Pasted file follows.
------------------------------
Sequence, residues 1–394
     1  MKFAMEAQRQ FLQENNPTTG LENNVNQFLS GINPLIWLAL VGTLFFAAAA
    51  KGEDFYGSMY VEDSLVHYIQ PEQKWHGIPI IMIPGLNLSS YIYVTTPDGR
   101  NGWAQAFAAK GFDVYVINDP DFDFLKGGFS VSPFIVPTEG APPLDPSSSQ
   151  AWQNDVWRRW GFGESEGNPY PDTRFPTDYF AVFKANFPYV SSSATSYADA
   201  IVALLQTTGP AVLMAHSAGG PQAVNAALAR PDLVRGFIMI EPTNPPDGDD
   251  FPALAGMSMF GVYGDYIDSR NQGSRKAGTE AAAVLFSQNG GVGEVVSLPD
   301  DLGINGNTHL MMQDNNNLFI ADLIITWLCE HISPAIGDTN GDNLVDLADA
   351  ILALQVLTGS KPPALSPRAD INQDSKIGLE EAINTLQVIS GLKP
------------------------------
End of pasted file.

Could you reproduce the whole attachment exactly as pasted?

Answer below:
Sequence, residues 1–394
     1  MKFAMEAQRQ FLQENNPTTG LENNVNQFLS GINPLIWLAL VGTLFFAAAA
    51  KGEDFYGSMY VEDSLVHYIQ PEQKWHGIPI IMIPGLNLSS YIYVTTPDGR
   101  NGWAQAFAAK GFDVYVINDP DFDFLKGGFS VSPFIVPTEG APPLDPSSSQ
   151  AWQNDVWRRW GFGESEGNPY PDTRFPTDYF AVFKANFPYV SSSATSYADA
   201  IVALLQTTGP AVLMAHSAGG PQAVNAALAR PDLVRGFIMI EPTNPPDGDD
   251  FPALAGMSMF GVYGDYIDSR NQGSRKAGTE AAAVLFSQNG GVGEVVSLPD
   301  DLGINGNTHL MMQDNNNLFI ADLIITWLCE HISPAIGDTN GDNLVDLADA
   351  ILALQVLTGS KPPALSPRAD INQDSKIGLE EAINTLQVIS GLKP